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Rowan Joffe
Nicole Kidman, Colin Firth, Mark Strong, Anne-Marie Duff
Writing Credits:
SJ Watson (novel), Rowan Joffe (screenplay)

A woman wakes up every day, remembering nothing as a result of a traumatic accident in her past. One day, new terrifying truths emerge that force her to question everyone around her.

Rated R

Aspect Ratio: 2.35:1
English DTS-HD MA 5.1
Supplements Subtitles:

Runtime: 92 min.
Price: $29.99
Release Date: 1/27/2015

• “Character Illusions” Featurettes
• “Forget Me Not” Featurette
• Previews and Trailer


Panasonic TC-P60VT60 60-Inch 1080p 600Hz 3D Smart Plasma HDTV; Sony STR-DG1200 7.1 Channel Receiver; Panasonic DMP-BD60K Blu-Ray Player using HDMI outputs; Michael Green Revolution Cinema 6i Speakers (all five); Kenwood 1050SW 150-watt Subwoofer.


Before I Go to Sleep [Blu-Ray] (2014)

Reviewed by Colin Jacobson (January 28, 2015)

When we last saw Nicole Kidman and Colin Firth together, they starred in 2014’s The Railway Man, a historical drama that made almost no money during its theatrical exhibition. Now they’re back with 2014’s Before I Go to Sleep, a thriller… that made almost no money during its theatrical exhibition.

Apparently Kidman and Firth with try again via 2015’s Genius, so perhaps the third time will be the box office charm. Until then, I figured I’d give Sleep a look.

When Christine Lucas (Kidman) wakes up everyday, she can’t remember anything about her life past her early twenties. This means that her husband Ben (Firth) needs to give her reminders and tell her that a brain injury caused this curious form of amnesia.

As soon as Ben leaves for the day, Christine gets a call from Dr. Nasch (Mark Strong) and he claims to work with her to “fix” her memory issues. Apparently Ben doesn’t know about this, and some flashbacks give us clues about the doctor/patient relationship as well as her history. These contradict what Ben told to Christine, and the movie follows her attempts to piece together the reality.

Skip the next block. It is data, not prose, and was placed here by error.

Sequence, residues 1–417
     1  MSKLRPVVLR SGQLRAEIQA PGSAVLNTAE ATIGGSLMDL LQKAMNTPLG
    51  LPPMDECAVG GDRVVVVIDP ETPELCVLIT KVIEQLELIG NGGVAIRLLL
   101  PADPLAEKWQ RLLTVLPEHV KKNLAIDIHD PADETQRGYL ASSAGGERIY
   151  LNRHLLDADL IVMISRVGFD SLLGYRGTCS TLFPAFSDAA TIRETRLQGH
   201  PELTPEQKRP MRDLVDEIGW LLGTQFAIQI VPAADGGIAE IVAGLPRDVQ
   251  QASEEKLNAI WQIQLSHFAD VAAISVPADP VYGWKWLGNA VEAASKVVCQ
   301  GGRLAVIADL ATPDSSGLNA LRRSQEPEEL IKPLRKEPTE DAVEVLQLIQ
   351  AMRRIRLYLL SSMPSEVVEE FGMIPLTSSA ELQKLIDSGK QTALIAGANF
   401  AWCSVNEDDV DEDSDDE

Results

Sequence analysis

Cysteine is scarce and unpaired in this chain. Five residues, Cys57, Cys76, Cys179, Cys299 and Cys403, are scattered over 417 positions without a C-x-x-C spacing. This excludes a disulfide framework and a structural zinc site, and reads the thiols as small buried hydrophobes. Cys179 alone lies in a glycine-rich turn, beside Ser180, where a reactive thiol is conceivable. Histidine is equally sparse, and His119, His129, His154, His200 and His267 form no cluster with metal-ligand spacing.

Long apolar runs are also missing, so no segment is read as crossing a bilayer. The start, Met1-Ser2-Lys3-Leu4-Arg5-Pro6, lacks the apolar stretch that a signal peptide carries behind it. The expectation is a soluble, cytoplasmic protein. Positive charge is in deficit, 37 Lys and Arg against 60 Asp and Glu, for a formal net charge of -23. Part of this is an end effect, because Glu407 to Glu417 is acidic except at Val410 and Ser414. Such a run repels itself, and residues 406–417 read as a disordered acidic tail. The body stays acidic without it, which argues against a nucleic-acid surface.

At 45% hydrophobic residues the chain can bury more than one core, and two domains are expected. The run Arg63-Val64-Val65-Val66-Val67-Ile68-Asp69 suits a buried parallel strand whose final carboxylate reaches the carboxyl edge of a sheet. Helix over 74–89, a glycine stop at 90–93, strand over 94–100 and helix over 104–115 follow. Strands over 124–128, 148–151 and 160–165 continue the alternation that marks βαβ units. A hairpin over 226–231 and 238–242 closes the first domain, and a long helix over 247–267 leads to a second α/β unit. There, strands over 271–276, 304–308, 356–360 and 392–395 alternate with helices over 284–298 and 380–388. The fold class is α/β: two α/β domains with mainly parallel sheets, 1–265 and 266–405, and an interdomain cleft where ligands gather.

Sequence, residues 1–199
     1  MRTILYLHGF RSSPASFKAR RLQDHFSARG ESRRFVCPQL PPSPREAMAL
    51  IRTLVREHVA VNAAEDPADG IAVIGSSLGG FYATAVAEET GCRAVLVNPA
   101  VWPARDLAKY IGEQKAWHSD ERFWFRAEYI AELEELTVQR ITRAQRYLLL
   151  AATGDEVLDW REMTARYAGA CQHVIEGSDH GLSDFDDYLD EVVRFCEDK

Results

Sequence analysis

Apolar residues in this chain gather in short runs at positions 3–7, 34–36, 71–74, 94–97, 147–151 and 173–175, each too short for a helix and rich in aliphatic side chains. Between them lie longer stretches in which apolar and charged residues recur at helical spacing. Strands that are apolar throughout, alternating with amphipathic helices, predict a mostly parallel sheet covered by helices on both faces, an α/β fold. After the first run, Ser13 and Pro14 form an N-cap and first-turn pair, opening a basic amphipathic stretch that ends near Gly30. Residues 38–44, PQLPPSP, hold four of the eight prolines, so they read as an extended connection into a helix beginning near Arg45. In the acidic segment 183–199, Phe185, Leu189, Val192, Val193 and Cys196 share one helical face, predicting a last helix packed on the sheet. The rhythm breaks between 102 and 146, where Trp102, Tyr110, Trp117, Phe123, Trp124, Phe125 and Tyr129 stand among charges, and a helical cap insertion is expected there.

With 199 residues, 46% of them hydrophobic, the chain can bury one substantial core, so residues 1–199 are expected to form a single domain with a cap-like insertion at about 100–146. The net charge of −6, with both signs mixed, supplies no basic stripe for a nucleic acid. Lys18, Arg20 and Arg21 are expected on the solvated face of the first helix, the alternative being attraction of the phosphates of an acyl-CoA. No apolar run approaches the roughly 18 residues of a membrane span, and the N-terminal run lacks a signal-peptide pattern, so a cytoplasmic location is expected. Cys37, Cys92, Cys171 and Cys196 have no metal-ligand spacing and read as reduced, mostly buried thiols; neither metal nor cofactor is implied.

If one wanted to call Sleep a dark version of 2004’s 50 First Dates, one would stand on safe ground. Clearly the two movies share intense similarities in terms of their female leads, as both revolve around women who lose their memories after awaken.

Sleep doesn’t stop with Dates as an influence, though, as it takes from other sources. 2000’s Memento becomes another obvious inspiration, and Sleep tosses in a whole lot of Hitchcock as well.

Because of this, Sleep can’t muster much in the way of original material. Most of the time it feels like an amalgamation of those influences, and it never manages to turn into its own unique experience.

It doesn’t help that the narrative seems lacking. Sleep comes across more like a collection of scenes and plot twists than a coherent tale in its own right. Some of that makes sense; we experience the world through Christine’s eyes, so the tale shouldn’t feel too smooth and cohesive. Still, it seems like the movie uses revelations as an entity unto themselves so much that it loses relevance.